San Diego

Board President and Water Expert Expect Issues During Lead Water Testing

The San Diego Unified School District began testing its schools' water Tuesday after lab reports confirmed "higher than allowable" lead levels were found at one campus

Both the board president for the San Diego Unified School District and an independent water quality treatment expert say they expect leaders will find water quality problems at a number of San Diego schools.

The San Diego Unified School District began testing its schools' water Tuesday after lab reports confirmed "higher than allowable" lead levels were found at one campus.

NBC 7 Investigates has been covering water quality in schools since San Ysidro district officials discovered unsafe levels of lead, bacteria and copper in one of its elementary schools in early February.

"Stay informed. As the results come from the city, we will put those results on our website and communicate results with parents," Board President Richard Barrera said. "We expect we're going to find issues at a number of schools and then we will immediately provide bottled water, step in and take action to fix the problems, but parents should be paying attention."

An independent water quality expert, Bob Bowcock, has been reviewing parts of the massive amounts of documentation and data NBC 7 Investigates has obtained during the course of our series "Safe to Drink?" including data on the levels of pH and inhibitors in city water at different sampling locations throughout the city.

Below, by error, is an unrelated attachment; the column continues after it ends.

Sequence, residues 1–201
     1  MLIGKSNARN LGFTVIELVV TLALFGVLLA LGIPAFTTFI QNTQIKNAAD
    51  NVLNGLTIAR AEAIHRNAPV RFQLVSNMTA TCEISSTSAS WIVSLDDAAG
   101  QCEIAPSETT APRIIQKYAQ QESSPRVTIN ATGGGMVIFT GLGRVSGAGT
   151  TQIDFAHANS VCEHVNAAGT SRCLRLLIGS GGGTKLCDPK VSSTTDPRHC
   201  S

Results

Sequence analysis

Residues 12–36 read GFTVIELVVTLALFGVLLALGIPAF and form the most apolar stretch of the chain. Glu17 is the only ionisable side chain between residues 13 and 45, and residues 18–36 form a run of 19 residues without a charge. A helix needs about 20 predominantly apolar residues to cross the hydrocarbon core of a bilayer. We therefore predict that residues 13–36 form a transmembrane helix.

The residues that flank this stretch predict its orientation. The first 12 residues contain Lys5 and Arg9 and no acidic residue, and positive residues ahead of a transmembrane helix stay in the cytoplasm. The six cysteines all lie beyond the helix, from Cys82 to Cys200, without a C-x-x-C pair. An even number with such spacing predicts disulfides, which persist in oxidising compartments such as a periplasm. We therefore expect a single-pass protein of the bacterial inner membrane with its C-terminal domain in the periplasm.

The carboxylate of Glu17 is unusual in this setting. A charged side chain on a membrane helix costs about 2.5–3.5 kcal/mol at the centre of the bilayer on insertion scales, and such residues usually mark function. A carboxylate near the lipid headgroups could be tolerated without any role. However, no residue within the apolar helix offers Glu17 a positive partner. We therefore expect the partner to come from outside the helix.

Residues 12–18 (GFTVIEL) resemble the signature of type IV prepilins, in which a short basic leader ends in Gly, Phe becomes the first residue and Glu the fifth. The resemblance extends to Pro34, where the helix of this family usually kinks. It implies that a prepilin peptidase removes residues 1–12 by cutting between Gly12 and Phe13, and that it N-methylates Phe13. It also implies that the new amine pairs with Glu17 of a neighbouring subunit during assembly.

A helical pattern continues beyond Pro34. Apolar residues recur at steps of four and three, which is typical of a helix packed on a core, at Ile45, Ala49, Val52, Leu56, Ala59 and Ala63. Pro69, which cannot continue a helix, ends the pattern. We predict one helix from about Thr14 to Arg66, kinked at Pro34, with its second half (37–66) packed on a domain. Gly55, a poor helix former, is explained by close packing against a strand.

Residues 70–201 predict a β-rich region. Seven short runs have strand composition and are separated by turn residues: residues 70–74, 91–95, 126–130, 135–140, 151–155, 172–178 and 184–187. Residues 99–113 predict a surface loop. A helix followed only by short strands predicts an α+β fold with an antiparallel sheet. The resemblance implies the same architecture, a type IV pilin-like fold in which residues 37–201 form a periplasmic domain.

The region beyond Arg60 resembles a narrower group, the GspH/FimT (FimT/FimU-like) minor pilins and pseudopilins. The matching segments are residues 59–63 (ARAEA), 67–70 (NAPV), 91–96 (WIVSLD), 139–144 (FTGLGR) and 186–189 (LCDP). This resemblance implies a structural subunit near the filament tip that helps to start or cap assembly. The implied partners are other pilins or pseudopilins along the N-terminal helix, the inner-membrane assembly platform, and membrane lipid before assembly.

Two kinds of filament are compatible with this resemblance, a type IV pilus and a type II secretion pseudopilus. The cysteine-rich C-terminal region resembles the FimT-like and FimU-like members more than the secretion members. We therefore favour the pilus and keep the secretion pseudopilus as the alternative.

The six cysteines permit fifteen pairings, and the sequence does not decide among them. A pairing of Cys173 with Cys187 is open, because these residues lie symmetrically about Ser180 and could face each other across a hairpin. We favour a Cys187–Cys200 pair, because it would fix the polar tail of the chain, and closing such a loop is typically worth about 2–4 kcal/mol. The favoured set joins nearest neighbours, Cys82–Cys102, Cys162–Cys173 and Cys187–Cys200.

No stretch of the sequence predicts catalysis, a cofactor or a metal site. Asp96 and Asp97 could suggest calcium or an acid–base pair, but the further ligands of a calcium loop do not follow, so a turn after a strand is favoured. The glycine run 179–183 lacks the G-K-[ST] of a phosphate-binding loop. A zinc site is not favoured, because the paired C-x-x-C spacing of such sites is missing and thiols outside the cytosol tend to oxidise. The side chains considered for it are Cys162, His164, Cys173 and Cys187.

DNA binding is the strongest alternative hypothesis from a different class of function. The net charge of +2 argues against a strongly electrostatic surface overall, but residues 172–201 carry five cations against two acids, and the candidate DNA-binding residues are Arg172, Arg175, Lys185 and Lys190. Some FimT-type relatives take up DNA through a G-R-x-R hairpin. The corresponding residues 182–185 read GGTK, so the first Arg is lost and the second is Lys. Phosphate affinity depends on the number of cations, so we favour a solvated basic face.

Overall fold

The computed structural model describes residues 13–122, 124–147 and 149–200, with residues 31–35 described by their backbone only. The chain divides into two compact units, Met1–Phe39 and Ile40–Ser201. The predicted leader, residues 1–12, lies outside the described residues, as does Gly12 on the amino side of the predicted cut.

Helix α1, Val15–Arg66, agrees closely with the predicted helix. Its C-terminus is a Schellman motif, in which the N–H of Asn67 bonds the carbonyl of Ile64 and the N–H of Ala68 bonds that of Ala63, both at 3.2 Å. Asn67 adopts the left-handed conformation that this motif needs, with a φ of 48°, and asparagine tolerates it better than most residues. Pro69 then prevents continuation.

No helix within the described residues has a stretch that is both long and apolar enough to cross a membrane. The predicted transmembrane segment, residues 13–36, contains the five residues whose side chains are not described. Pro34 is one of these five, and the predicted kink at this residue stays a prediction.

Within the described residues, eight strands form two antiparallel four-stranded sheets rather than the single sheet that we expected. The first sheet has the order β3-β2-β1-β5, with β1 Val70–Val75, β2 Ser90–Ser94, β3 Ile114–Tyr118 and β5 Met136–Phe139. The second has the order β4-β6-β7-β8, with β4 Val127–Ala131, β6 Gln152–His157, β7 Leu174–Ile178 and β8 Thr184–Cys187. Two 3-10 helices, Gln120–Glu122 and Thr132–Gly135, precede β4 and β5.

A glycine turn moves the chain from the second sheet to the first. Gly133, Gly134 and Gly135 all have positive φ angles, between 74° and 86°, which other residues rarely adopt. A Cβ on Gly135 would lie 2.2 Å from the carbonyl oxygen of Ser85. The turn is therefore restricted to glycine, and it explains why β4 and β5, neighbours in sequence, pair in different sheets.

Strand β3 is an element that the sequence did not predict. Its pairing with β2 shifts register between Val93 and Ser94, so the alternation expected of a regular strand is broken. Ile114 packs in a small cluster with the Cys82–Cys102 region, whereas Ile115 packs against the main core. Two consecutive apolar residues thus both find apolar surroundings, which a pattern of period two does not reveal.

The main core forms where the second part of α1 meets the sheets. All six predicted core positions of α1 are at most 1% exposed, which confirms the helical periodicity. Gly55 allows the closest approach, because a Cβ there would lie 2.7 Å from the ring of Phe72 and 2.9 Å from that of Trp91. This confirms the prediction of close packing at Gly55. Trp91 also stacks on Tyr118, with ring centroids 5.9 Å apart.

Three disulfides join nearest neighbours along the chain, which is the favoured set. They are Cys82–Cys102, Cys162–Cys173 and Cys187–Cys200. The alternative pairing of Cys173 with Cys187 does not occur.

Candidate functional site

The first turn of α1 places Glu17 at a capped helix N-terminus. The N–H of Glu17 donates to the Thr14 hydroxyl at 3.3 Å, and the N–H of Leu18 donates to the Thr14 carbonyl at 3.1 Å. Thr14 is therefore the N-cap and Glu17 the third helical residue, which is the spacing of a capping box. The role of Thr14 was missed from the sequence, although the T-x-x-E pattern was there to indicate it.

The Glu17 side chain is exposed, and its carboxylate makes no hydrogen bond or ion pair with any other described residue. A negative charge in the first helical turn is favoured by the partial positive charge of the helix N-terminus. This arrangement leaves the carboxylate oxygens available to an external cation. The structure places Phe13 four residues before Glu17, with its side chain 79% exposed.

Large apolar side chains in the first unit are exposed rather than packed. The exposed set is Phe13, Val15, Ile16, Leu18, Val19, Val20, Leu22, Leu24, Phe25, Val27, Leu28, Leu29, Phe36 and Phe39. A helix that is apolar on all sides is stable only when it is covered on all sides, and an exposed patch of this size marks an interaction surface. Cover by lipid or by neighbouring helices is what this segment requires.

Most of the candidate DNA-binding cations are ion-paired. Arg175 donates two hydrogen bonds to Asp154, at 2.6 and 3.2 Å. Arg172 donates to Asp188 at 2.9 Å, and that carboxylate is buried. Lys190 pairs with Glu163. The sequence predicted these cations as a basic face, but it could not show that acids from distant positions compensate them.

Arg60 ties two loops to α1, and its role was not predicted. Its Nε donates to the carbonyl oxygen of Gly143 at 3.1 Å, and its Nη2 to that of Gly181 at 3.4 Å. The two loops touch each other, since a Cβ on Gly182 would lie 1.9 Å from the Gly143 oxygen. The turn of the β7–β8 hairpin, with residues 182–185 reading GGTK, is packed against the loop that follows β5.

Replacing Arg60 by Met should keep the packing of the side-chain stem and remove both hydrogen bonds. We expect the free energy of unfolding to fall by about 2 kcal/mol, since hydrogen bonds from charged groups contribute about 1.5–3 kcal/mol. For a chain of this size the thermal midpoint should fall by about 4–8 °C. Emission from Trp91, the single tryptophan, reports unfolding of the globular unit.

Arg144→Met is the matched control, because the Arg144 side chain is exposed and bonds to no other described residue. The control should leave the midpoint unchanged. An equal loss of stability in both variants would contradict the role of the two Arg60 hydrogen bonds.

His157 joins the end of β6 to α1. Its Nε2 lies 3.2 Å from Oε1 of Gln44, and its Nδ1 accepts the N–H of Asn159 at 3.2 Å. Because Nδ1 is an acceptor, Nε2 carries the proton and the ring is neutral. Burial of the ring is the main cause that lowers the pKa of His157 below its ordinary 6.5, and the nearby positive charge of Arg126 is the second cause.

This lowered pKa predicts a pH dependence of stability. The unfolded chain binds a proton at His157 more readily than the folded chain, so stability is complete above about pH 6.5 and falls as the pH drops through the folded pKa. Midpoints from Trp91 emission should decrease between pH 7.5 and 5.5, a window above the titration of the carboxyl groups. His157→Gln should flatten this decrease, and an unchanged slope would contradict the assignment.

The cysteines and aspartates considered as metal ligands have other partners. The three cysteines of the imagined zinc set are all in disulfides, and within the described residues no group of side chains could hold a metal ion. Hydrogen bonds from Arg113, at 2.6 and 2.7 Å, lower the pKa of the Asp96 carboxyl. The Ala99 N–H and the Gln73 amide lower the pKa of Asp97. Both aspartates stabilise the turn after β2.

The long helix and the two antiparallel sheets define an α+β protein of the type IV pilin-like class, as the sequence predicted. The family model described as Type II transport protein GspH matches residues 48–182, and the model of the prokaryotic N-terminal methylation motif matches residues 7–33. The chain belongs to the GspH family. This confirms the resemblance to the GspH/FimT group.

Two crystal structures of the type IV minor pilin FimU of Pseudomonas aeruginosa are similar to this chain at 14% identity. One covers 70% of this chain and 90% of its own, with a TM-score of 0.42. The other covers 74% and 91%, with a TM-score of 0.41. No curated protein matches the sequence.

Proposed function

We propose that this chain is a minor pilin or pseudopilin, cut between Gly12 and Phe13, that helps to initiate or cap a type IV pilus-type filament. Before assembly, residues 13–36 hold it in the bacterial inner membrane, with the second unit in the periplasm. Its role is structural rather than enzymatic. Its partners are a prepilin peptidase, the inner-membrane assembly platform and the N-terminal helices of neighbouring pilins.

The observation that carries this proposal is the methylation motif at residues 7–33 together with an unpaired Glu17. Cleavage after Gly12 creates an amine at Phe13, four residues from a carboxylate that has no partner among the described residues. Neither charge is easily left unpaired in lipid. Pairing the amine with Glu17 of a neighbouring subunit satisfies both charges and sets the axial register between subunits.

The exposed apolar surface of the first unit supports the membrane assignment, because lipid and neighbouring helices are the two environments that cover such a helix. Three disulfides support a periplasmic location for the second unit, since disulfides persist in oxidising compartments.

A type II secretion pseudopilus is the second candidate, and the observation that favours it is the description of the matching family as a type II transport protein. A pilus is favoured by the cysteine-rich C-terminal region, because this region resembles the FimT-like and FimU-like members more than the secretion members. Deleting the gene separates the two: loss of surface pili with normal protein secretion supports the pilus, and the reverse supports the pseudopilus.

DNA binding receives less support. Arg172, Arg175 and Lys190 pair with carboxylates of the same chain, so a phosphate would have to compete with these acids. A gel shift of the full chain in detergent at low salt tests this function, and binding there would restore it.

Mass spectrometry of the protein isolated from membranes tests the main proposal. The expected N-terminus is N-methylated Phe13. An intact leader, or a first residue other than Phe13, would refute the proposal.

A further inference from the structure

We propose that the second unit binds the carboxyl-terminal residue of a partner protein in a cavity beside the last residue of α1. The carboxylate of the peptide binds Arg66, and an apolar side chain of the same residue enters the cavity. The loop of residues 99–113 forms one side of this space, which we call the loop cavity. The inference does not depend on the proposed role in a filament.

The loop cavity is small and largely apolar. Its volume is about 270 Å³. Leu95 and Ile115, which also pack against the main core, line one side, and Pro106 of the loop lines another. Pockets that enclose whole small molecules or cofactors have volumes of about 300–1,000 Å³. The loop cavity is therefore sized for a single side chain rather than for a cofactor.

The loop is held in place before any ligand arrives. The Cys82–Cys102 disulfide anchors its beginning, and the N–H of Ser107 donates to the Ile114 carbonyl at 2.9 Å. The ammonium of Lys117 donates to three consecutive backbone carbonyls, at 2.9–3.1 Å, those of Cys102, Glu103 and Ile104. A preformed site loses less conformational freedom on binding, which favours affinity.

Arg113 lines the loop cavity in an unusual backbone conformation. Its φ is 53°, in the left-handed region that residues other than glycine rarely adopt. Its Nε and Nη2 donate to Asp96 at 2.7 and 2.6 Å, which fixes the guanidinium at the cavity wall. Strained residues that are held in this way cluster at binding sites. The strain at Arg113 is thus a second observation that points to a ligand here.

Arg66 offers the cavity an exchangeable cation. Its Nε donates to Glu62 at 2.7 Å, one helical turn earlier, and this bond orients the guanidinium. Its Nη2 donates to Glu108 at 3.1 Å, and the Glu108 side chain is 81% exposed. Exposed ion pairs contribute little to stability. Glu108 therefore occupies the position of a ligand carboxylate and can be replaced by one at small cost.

Bowcock also said it is likely problems will be discovered with lead or other contaminants as the city and school district aims to test nearly 200 schools by the end of the school year.

"They’re going to find high lead levels and just because they don’t find lead in particular locations, it doesn’t mean it isn't there, it just means it wasn't when they actually took the sample," Bowcock said.

Bowcock said lead is not a contaminant that would be in water unless their are problems with both the plumbing and the water.

"The one thing that is always misunderstood is that when people think of a water sample for lead, they think it's like a contaminant that's actually found in the drinking water," Bowcock said. "It's very important to understand that lead enters the drinking water as a result of the corrosive nature of water."

City of San Diego Senior Engineer Doug Campbell has said city water is not corrosive. The city treats it and tests the water for lead as it leaves the treatment plant, and for its level of corrosivity at hundreds of different locations throughout the city.

Campbell provided NBC 7 Investigates data for water at hundreds of sampling locations near schools. When San Ysidro School District officials discovered lead at La Mirada elementary, the city also went back to sampling sites closest to schools, retested and discovered no lead.

Unlike in Flint, Michigan, where many homes were found to have astronomical levels of lead coming from taps, San Diego has replaced all of the lead pipes in its water distribution system, according to Campbell.

Another water expert said yesterday from the limited information he's seen in San Diego, the city does a good job managing the level at which its water is corrosive.

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